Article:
Working with Fabric mobile video surveys, BBDO quickly locked down the recruitment specs. They wanted a 20 person survey with an equal spread across gender, race, and geographic location, while also specifying other key needs; brand awareness, and regular use of the brand’s banking services. Fabric immediately created a screener to ensure that candidates met all basic demographic, geographic, and psychographic requirements. Recruitment began hours later. Together, BBDO and Fabric developed the survey questionnaire for participants. Conducted asynchronously over mobile devices (or webcam) via Fabric, the survey began the same day BBDO reached out to Fabric. By Monday morning, the participants had completed the survey, netting BBDO one hundred forty minutes of consumer insight to pick and choose from to both inform and complement their pitch.


BBDO was delivered a cloud based study link that allowed for download or online viewing of all video responses. Using that study link in the pitch, BBDO showed a board with twelve choice participants, including their photos and summaries of their responses. To accentuate specific points, BBDO played poignant video responses for the client. Mobile video surveys helped anchor BBDO’s creative strategy in genuine consumer insight (vs agency staff speculation), making the client much more receptive to their ideas. In the end, BBDO won the pitch.


How to Seal the Deal with Mobile Video Surveys

What happens when you need consumer insights within a matter of days? Check out how Fabric helped a leading holding-company-owned N.Y. advertising agency new business group craft mobile video surveys that delivered compelling results. They won the new business. And they’re now big fans of mobile video ethnography.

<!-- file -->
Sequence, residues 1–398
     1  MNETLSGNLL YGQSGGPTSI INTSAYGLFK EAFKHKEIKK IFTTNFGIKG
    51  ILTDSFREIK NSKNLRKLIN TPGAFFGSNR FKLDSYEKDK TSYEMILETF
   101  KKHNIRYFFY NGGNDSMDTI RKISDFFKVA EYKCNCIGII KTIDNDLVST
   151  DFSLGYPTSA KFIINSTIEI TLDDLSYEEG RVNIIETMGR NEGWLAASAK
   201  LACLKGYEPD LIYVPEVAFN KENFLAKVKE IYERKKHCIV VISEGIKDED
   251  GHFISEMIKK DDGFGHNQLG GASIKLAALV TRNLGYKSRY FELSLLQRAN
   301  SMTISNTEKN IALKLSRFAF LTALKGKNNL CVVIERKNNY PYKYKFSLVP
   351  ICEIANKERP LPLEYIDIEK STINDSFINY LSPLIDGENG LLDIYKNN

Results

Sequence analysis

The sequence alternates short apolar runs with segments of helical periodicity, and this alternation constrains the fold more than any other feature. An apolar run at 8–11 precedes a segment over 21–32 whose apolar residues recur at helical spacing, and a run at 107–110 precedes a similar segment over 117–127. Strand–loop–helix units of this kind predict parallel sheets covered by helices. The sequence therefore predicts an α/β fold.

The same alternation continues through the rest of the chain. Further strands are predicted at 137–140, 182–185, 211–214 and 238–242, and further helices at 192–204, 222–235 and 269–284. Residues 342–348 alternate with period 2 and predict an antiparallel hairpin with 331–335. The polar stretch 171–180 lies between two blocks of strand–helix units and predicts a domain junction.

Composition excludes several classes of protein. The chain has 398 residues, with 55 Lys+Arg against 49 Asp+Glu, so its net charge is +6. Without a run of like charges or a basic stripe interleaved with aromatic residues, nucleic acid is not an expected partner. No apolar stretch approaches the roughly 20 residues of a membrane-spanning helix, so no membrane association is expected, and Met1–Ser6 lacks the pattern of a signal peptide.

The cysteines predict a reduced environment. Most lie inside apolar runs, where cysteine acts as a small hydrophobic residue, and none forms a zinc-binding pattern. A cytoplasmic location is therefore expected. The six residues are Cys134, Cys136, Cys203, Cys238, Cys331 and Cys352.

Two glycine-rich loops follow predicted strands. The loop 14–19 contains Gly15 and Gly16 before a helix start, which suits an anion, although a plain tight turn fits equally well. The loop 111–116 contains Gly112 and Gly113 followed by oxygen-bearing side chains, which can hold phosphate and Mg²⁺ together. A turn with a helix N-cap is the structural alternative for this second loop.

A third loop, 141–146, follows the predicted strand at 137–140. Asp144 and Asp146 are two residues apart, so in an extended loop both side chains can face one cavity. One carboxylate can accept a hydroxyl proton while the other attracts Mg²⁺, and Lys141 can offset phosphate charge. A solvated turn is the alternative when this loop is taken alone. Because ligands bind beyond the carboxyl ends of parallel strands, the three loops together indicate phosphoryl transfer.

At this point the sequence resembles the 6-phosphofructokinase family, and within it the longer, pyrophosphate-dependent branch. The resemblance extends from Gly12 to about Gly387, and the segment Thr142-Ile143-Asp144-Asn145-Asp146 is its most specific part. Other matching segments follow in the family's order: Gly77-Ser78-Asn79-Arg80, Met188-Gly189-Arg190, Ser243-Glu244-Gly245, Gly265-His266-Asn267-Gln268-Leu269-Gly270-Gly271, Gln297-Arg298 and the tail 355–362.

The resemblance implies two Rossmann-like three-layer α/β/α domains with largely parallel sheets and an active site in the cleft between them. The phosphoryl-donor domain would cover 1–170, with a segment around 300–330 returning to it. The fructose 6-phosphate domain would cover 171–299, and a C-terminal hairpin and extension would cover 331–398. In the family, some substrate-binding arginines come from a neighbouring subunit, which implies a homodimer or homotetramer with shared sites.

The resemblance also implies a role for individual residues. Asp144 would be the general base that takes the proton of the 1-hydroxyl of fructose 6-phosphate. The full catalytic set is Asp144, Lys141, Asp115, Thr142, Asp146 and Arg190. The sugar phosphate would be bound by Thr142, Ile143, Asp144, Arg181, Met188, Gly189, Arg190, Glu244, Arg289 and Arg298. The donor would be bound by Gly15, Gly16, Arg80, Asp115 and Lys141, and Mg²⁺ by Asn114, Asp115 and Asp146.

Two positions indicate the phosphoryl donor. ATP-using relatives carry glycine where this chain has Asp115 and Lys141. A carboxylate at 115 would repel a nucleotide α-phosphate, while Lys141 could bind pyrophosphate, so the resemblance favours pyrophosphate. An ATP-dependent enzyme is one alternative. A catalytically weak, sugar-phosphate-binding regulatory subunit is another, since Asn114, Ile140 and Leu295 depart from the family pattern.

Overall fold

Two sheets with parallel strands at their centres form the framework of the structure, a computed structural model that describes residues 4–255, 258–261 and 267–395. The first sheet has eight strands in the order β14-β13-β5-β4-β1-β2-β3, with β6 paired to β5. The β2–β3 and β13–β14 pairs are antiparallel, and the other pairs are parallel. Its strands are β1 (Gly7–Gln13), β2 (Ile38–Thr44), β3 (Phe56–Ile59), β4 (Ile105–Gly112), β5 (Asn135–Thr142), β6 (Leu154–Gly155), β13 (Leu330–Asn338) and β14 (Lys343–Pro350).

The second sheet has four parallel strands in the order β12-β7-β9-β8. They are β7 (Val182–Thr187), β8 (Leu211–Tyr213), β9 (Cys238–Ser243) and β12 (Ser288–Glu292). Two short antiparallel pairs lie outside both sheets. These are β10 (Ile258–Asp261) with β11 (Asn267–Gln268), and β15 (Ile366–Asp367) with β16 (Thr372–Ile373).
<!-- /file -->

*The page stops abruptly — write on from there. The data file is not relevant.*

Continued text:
The Problem

A leading holding-company-owned N.Y. advertising agency new business group received a call most agencies dream about: a major national FMCG food brand was interested in having a conversation in a few days time. This potential brand currently had an ad agency. Reading the tea leaves, the agency knew the brand would be in play, and wanted to seal the deal before word on the street created a situation where a furious pitch process would be ignited, bringing dozens of other agency contenders into the mix.

The Solution

A 15-person Fabric survey. Bingo. 7 questions per person gives you over 90 minutes of video responses. Although the conversation was positioned as a preliminary chemistry check, the agency brought its “A” game, aiming to close the deal in the first meeting. The agency reached out to Fabric to craft a consumer research strategy that would deliver compelling insights in a matter of days. Using mobile video surveys with a national sample of respondents, several methodologies were employed.